NASA is sending a desperate message to wake up Opportunity on Mars

NASA is sending a desperate message to wake up Opportunity on Mars

NASA is sending a desperate message to wake up Opportunity on Mars

The first one is regarding the rover's initial X-band radio which is used for communicating with Earth, which could have failed. But her dedicated team isn't ready to give up on Opportunity just yet. The new commands will be sent in the coming weeks and will address the issues that are preventing Opportunity rover from transmitting signals. The second scenario could mean that both primary and secondary radios failed and that it can't talk back to Earth.

This mosaic of images was taken by NASA Mars Exploration Rover Opportunity during December of 2011.

"The potential remedies being beamed up to address these unlikely events include a command for the rover to switch to its backup X-band radio and commands directed to reset the clock and respond via UHF [ultra high frequency]", the laboratory said, noting, however, that "a series of unlikely events" need to have occurred for any of these to be the case.

Engineers were initially hopeful that Mars' "dust-clearing season", when increased winds could knock dust off of the rover's solar panels and allow it to recharge, would help bring Opportunity back online.

"Over the past seven months, we have attempted to contact Opportunity over 600 times". The "sweep and beep" commands attempt to coax the rover into responding to the bombardment of signals with a beep. "While we have not heard back from the rover and the probability that we ever will is decreasing each day, we plan to continue to pursue every logical solution that could put us back in touch". Mars is now moving into southern winter, meaning that the low temperatures in the Perseverance Valley would inflict irreparable damages to NASA's Opportunity Rover's internal wires and computing systems, as well as to its solar-powered batteries. Should the rover remain silent, the project engineers will move forward according to protocols dictated by the Mars Program Office at JPL and NASA Headquarters. They landed on Mars in 2004.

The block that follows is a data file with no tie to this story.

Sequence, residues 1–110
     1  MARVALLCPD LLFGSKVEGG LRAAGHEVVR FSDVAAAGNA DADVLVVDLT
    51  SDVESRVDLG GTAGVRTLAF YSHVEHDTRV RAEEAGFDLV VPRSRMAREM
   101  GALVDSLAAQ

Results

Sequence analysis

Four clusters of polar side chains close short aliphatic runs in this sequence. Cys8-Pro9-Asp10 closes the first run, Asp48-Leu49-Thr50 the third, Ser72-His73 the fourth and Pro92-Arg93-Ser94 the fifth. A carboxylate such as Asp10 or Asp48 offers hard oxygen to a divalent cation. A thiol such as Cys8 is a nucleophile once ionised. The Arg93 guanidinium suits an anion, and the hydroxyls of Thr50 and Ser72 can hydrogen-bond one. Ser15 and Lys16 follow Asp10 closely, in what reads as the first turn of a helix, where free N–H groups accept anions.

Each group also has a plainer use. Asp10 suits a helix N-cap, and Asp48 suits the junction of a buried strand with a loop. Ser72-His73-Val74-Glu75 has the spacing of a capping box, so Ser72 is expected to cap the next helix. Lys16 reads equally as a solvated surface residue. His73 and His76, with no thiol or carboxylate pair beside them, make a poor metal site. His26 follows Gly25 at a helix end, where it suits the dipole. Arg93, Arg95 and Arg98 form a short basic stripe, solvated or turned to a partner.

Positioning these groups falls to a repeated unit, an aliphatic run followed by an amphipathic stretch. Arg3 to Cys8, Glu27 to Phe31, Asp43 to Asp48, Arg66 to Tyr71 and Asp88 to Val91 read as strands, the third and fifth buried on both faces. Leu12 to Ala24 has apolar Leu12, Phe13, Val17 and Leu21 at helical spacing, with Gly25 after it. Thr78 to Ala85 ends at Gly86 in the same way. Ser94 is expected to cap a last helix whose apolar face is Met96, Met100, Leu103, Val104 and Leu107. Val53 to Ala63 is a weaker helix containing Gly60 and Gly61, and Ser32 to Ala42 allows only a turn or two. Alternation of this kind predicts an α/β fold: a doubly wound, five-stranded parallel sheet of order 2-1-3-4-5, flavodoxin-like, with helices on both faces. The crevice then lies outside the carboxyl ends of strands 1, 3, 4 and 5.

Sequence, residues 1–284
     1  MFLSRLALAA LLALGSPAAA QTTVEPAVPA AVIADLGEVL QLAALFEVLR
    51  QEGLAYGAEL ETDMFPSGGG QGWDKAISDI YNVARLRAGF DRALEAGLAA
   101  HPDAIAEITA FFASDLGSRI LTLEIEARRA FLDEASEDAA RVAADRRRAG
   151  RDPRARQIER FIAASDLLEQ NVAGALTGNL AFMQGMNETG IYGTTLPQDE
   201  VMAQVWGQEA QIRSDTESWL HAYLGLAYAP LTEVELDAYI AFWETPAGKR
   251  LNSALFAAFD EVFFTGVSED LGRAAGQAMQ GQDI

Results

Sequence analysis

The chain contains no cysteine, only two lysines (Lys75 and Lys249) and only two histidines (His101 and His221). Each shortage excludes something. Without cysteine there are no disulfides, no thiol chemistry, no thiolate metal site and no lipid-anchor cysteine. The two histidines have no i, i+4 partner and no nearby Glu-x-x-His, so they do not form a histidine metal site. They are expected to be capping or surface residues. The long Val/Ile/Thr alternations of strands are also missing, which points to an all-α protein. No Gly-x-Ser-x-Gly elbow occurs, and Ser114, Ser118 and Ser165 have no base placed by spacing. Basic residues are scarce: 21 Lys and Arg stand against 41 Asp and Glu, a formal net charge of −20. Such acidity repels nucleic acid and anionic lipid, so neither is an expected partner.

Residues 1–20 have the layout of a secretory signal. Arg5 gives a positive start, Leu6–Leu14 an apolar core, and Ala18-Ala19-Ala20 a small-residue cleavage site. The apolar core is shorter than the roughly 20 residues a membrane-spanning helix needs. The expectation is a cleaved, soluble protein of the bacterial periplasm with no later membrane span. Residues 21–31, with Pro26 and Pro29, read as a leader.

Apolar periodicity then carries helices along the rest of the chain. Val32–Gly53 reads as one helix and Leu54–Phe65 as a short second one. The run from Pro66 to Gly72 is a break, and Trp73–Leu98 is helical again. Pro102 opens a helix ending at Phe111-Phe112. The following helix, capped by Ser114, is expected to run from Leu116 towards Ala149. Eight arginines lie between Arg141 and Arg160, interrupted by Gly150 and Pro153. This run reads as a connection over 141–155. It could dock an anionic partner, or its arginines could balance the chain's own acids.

Before contact was lost, the vehicle had operated for 5,111 sols, or Martian days, and traveled more than 28 miles (45 kilometers) - the longest by an off-world wheeled vehicle.

Opportunity and its twin rover, Spirit, were launched from Cape Canaveral, Florida, in 2003.

With the government shutdown over, NASA is once again sharing selfie photographs snapped by the space agency's Martian rover Curiosity.

NASA now operates two other surface spacecraft: the nuclear-powered Curiosity rover, which landed in August 2012; and the solar-powered InSight lander, which touched down in November 2018.

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